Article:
Published On: January 28, 2018Categories: BlogBy

Philip Ingram, renowned journalist and industry advisor focused on security, intelligence and geopolitics examines the potential impact of GDPR for global organisations

The world is interconnected and many global companies are do business into Europe, investing in European companies, selling to European citizens and tracking the online behaviour of European citizens through their websites.  All of these issues mean that wherever they are based, companies will have to be aware of the incoming European General Data Protection Regulation (GDPR) or Regulation (EU) 2016/679 to give it its official reference.

It comes into force on 25th May 2018 and is all about protecting individual’s data but the environment where much of that data is held or processed is the cyber environment. It is something all company Chief Executives should be taking note of and taking ownership of their data security procedures, as the potential penalties are huge. Philip Ingram from Grey Hare Media looks at its potential impact for non-European organisations.

Steve Grobman, McAfee’s chief technology officer said in an interview at the end of last year, “The evolution of ransomware in 2017 should remind us of how aggressively a threat can reinvent itself as attackers dramatically innovate and adjust to the successful efforts of defenders.”  We are also seeing an increased availability of cyber-attacks “as a service,” not just where they traditionally lay, in the Dark Web, but now increasingly available through sites on the Surface Web.

“This will impact every entity that holds or uses European personal data both inside and outside of Europe,” said Stewart Room, cyber security and data protection partner at PricewaterhouseCoopers (PwC) to Computer Weekly magazine.

According to the legal firm Allen & Overy, “GDPR applies to data controllers and data processors outside the EU if their processing activities relate to the ordering of goods or services (even if for free) to EU data subjects, or monitoring the behaviour (within the EU) of, EU data subjects.” This apparently relates to a company having a web presence in an EU country, for example a .ge or .fr website or if the goods are offered in local currency e.g. the Euro.

The regulations also apply to Cross-Border Data Transfers. Should an organisation use online IT services, cloudbased services, remote access services or global HR databases that hold or process data on EU citizens then they too will be subject to GDPR regulation.

An example of how a company may be subject to GDPR regulation:

A Singapore based business sells goods or services over the internet across the globe, including to Europe.  It doesn’t have any offices or representatives outside Singapore. Some of the services offered are free and some are paid for, but knowing how difficult it is to get web visibility in Europe with a .ae web address, the company purchases and uses local top-level domains (e.g., “.ge,” “.fr”), it also allows transactions in local currency eg the Euro.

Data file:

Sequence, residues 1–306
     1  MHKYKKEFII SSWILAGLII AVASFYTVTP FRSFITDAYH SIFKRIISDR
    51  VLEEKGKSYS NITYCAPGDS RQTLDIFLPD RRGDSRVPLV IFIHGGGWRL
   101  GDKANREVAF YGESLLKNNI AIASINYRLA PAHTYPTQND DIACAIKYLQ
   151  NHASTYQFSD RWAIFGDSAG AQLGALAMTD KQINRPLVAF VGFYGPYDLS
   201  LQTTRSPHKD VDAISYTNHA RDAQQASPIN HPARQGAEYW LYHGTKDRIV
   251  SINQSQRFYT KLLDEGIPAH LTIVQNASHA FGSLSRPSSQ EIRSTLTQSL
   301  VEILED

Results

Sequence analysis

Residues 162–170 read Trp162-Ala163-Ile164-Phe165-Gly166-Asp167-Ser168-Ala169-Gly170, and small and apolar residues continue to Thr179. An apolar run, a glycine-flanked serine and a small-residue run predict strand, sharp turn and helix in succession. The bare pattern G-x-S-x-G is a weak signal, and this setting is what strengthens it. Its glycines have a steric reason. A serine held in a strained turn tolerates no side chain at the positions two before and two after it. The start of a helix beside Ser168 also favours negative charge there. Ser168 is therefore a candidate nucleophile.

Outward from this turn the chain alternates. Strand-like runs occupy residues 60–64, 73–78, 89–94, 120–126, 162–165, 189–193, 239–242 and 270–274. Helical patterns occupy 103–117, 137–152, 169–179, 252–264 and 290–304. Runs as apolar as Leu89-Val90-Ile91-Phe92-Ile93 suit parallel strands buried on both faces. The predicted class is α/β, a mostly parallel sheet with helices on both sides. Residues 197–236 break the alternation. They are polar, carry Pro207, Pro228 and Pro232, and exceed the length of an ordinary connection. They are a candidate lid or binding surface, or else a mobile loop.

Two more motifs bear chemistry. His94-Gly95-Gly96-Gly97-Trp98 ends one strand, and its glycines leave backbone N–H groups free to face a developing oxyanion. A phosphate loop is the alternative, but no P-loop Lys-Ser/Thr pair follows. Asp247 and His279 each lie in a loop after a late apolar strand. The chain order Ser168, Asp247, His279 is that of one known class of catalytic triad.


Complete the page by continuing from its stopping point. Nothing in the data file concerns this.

In this case under these European regulations the Singapore based business will be processing the personal data of EU residents, as it is offering services into EU countries and this is clear through the use of local web addresses and local currency.

The issue with these attacks is that if they result in the loss of that data a company has processed about an EU citizen and the company does not report it as per GDPR regulations then they could be subject to penalties.  The penalties the EU are talking about amount to 4% of global annual turnover or €20 Million, whichever is the greater.

GDPR provides specific suggestions for what kinds of security actions might be considered “appropriate to the risk,” including:

  • The pseudonymisation and encryption of personal data.
  • The ability to ensure the ongoing confidentiality, integrity, availability and resilience of processing systems and services.
  • The ability to restore the availability and access to personal data in a timely manner in the event of a physical or technical incident.
  • A process for regularly testing, assessing and evaluating the effectiveness of technical and organizational measures for ensuring the security of the processing.

Worryingly at a recent conference for Security Professionals in London out of 120 attendees less than 10% indicated they were aware of and had starting to think about the potential impact of GDPR.  Jason Towse, the Managing Director for MITIE Total Security Solutions says that this is number one on his risk register.  It is probable that a much smaller percentage of global companies are doing so.

Elizabeth Denham, the UK Information Commissioners is clear when she says, “It is essential to start planning your approach to GDPR compliance as early as you can and to gain ‘buy in’ from key people in your organisation.” One thing is certain, GDPR is coming whether enterprises and organisations are prepared for it or not.  Of note the UK retail giant Tesco, whose banking arm was hacked last year would face a fine of £1.9 billion under GDPR, according to Computing magazine at the time!

“The commercialisation of cyber-crime combined with the increase temptations to generate commercial or national advantage by exposing rivals to the scourge of GDPR litigation through data breaches enabled through plausibly deniable outlets will become an increasing trend through 2018,” concluded Philip Ingram.

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